Poetry in Motion

By Louise Irvine

Ballet from the Italian ballare, meaning “to dance” originated in the Renaissance courts of Italy. Nobles participated in lavish spectacles of dancing and music particularly for celebrating weddings. The choreography was adapted from court dance steps taught by dancing masters. When Catherine de Medici married the heir to the French crown, she introduced her enthusiasm for dance to the French court. She funded glittering ballets de cour which integrated dance, décor, costume, song, music, and poetry, often inspired by mythological themes. Combining performance and social dancing, these ballets lasted for many hours and were often vehicles for royal and political propaganda.

 The Sun King

Louis XIV was passionate about dance and he became known as the “Sun King” after his role as Apollo in the Ballet de la Nuit when he vanquished the witches and werewolves of the night. In 1661, the King established the Academie Royale de Danse with strict social protocols. The vocabulary of classical ballet as an art form, developed as notations for dance steps, codified the five basic positions of the feet. Ballet gradually moved to the stage following the foundation of the Académie d’Opéra and the first professional ballet company, the Paris Opera Ballet.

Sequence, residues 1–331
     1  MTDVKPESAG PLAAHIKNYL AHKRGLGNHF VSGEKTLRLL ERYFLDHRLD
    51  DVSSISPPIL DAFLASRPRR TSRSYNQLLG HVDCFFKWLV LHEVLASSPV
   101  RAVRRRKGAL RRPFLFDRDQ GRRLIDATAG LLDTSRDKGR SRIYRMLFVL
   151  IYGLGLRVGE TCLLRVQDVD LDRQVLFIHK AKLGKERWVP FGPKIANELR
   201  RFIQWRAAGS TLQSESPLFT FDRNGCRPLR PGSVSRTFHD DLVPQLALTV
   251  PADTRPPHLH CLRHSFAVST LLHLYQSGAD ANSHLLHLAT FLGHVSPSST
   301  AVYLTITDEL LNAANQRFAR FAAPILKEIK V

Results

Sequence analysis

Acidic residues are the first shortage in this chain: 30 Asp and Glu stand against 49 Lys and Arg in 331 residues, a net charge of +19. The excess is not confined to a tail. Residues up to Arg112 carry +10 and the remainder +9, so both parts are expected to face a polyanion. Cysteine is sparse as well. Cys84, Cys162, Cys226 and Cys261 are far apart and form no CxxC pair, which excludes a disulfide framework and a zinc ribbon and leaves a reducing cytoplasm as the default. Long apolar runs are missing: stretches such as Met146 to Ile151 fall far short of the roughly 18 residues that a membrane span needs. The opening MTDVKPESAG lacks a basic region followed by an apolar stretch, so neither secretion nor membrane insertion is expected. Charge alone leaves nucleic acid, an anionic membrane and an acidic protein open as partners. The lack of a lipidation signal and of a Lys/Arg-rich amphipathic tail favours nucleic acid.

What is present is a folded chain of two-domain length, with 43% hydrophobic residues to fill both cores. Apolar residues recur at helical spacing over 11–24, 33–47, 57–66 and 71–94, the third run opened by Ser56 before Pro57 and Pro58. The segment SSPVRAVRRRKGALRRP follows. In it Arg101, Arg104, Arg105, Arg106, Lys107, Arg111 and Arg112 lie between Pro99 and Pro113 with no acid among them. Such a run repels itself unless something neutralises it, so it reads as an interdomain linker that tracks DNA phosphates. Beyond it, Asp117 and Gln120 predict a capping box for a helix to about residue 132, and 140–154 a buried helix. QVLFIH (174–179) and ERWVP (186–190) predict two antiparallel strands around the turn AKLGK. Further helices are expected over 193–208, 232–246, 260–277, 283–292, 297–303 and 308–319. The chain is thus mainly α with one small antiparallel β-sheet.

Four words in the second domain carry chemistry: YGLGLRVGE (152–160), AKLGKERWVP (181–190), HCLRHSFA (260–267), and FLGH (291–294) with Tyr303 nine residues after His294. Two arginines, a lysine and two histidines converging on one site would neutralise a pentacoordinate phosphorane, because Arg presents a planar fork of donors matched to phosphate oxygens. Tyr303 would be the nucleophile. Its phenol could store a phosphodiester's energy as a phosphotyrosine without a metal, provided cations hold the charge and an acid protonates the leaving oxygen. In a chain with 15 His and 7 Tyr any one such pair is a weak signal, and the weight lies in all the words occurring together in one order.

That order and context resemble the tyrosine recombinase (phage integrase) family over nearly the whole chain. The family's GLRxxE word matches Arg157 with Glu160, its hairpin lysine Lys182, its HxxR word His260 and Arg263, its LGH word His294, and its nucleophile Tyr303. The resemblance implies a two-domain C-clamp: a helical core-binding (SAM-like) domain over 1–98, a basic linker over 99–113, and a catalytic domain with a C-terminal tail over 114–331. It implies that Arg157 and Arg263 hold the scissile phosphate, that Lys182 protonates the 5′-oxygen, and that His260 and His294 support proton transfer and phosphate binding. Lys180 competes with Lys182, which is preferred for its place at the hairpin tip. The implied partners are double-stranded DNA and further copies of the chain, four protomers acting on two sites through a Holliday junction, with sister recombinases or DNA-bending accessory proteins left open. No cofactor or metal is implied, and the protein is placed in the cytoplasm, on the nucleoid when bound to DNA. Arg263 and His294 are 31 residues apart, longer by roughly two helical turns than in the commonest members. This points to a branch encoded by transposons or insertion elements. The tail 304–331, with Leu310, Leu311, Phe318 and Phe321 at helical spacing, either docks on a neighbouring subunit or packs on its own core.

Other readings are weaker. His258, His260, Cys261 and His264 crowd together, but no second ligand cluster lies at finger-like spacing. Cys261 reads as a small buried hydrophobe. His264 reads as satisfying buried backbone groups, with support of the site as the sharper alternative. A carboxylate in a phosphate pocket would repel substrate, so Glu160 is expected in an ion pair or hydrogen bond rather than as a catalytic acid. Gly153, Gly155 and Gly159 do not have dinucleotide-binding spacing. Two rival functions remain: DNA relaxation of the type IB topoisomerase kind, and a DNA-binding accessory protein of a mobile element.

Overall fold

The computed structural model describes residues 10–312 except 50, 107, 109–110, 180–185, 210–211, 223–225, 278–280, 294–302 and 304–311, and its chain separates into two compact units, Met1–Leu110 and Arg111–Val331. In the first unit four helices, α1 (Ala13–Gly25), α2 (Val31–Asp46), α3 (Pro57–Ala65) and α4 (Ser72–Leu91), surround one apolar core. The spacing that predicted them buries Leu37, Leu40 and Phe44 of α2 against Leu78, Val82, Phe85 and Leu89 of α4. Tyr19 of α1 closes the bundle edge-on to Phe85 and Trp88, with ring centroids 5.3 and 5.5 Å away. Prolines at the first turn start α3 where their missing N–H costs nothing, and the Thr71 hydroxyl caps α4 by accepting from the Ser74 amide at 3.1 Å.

La Camargo

Marie de Camargo, the 18th-century French dancer, was the first ballerina to execute the entrechat quatre jump and she shortened her skirt to show off her footwork. La Camargo was also responsible for introducing ballet slippers instead of heeled shoes. France represented fashionable culture for many other royal courts in Europe and introduced theatrical ballet to many other nations. In Tudor Britain, Queen Elizabeth I enjoyed extravagant masques. The influence of the aristocrats waned after the French revolution from 1789 to 1799 and folk tales replaced classical myths in the hands of professional librettists. Ballet became a dramatic art form on par with the opera.

 Ballet Blanc